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Years have passed since György Kurtág’s last ECM recording, which incorporated his “Jatékok (Games)” and “Bach Transcriptions”, made with Kurtág and wife Márta playing piano together.

The birth of this newest album has been an arduous one, with the composer intensely and meticulously involved at every step of the way. And if “Games” are at the centre of this recording, too, they are often life-and-death games - echoing the endgame humours of Samuel Beckett’s universe and the anguish of Hölderlin - in a programme in which two song cycles are bridged by the “Signs, Games and Messages” for strings. (As England’s The Independent has observed, “György Kurtág never writes a note lacking musical intent, and never writes a note with which he has not lived and suffered.”) “Kurtág’s described all three cycles as “Works In Progress” and their formal boundaries are particularly fluid, even within the context of an oeuvre in which labyrinths of connecting threads (musical, literary, philosophical, epistolary) have become the norm.

Kurtág has consistently revised these works, reordered the movements, added new movements, set others aside, both for concert performances and in the realization of this album. Although “Signs, Games and Messages” includes among its numerous dedicatees an “Hommage ŕ John Cage”, the tight control that Kurtág exerts over every grain of sound, every gesture, sigh and silence, makes his work the converse of “indeterminate”. And yet the way the pieces move, as chains of interlinked miniatures (only one of the 59 tracks here has a duration of more than three minutes), conveys a sense of living tissue as well as an “improvisational” freshness. “A whole world of expression and suggestion” is indeed “packed into these exquisite, crystalline forms” (The Guardian).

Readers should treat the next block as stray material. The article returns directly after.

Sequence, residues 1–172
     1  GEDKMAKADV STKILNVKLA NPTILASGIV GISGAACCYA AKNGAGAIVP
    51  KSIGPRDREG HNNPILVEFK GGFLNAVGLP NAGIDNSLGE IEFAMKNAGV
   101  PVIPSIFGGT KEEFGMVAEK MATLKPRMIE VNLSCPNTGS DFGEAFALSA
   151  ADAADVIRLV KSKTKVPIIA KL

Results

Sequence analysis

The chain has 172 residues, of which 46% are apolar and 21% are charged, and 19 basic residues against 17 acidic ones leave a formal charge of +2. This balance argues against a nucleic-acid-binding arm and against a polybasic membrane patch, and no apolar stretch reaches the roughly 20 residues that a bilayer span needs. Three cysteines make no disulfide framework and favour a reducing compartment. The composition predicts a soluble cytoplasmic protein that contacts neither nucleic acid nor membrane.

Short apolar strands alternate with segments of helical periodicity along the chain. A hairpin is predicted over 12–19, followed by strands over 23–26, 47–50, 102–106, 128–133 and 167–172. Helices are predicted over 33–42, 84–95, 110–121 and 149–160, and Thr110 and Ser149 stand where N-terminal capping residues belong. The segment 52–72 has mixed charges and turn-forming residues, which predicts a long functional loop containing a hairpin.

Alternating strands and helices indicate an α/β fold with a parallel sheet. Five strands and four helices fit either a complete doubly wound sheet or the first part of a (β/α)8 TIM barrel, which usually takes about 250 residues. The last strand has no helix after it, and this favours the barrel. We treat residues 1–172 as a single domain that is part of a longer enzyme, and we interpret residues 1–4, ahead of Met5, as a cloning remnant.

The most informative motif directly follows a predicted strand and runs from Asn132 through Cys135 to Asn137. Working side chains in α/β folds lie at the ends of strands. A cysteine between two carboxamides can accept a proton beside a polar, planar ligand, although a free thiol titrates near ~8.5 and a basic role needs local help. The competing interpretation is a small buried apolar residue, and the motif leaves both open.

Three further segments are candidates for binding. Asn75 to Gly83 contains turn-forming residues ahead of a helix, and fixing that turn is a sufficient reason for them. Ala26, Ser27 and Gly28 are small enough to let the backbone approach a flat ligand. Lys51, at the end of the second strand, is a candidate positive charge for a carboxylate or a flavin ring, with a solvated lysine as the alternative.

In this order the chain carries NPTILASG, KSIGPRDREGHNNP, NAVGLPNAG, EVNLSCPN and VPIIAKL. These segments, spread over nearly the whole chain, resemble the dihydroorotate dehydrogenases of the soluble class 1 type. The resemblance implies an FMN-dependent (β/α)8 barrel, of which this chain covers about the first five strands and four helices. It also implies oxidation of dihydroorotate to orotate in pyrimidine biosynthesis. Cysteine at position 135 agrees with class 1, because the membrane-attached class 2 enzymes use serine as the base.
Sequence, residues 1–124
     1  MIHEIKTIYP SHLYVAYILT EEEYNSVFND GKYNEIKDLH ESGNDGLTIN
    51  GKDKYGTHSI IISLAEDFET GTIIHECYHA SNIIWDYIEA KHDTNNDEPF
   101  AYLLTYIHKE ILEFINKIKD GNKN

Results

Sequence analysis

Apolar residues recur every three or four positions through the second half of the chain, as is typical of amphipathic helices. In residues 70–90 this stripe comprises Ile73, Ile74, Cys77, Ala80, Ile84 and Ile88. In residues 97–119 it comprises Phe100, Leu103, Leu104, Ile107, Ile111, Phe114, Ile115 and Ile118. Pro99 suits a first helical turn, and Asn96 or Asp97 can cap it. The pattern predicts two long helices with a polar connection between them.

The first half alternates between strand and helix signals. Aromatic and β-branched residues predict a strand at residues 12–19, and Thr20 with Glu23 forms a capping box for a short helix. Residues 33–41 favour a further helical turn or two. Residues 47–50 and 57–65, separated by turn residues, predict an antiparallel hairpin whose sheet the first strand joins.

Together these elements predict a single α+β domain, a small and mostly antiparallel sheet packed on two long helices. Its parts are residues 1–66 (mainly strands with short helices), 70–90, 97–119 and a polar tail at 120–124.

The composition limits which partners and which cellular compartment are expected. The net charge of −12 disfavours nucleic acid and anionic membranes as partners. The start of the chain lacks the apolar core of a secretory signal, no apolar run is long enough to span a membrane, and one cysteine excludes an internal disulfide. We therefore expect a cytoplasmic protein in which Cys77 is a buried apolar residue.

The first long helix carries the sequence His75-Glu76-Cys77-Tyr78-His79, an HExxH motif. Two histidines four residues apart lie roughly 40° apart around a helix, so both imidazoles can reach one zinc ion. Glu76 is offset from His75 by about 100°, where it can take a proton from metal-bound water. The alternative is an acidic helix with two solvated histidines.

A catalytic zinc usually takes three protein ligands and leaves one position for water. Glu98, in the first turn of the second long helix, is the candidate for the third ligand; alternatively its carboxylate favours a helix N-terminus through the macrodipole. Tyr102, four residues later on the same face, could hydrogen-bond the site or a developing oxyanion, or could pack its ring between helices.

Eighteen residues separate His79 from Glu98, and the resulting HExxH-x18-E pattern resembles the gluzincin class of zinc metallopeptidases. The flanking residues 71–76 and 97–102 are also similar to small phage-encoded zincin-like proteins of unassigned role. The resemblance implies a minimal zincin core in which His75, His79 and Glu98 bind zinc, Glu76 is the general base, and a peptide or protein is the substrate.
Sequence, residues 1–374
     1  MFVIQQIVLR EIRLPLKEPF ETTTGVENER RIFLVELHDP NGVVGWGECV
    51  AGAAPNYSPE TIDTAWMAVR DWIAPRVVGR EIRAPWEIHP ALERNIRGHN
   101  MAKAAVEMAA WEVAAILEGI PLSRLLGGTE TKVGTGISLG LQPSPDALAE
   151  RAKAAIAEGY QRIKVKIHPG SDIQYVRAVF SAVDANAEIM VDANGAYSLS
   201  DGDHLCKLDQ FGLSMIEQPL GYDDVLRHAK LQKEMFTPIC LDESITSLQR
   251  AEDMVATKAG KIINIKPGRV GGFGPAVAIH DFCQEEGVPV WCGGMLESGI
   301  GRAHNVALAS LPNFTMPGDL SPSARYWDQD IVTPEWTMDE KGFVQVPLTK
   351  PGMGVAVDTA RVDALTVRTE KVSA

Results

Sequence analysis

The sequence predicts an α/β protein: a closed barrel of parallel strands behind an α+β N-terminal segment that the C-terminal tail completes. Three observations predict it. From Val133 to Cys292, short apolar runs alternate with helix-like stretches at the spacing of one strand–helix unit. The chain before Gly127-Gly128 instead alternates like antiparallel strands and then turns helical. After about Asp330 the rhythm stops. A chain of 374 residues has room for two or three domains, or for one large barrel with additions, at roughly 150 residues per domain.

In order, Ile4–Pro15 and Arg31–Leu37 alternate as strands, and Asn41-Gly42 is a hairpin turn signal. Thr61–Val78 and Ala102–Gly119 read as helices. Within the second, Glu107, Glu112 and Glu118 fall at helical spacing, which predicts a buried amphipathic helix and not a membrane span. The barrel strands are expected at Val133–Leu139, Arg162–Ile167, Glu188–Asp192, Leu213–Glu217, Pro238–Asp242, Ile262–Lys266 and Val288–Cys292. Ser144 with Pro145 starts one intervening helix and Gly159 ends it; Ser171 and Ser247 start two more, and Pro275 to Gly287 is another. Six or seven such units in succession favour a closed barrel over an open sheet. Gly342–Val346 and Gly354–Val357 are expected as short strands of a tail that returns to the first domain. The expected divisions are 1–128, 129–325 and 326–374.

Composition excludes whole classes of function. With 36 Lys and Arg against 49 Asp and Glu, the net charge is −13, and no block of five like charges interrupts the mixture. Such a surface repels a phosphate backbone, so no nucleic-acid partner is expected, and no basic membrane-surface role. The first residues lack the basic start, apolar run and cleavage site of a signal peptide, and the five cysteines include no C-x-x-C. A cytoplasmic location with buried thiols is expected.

The album begins with six sections from the “Hölderlin-Gesänge” primarily for solo baritone, whose solitude is broken in one section (“Gestalt und Geist”) by the arrival – in this version - of trombone and tuba. As Thomas Bösche notes in the CD booklet: “Various attempts have been made to describe Kurtág’s handling of literary texts, for there is a secret here that is difficult to decode. In his settings, Kurtág penetrates deep into the often hermetic texts and arrives at a clarity and simplicity born of that depth. Kurtág’s world - as Walter Benjamin said of Franz Kafka – is the theatre of life. The poetic utterance is transformed into musical gestures and positioned on an imaginary stage. With hubris – ruinous human arrogance – as a central motif in Hölderlin’s late work, and equally in Kurtág’s settings, the fortissimo outburst of “Verwegner! möchtest von Angesicht zu Angesicht/ Die Seele sehn” “Reckless! wanting to see the soul/ Face to face” in “Gestalt und Geist” becomes the cycle’s centre of gravity.” Concluding the “Hölderlin-Gesänge” is a setting of Paul Celan’s famous “Tübingen, Janner” which the poet wrote after visiting the town where Hölderlin spent the final years of his life.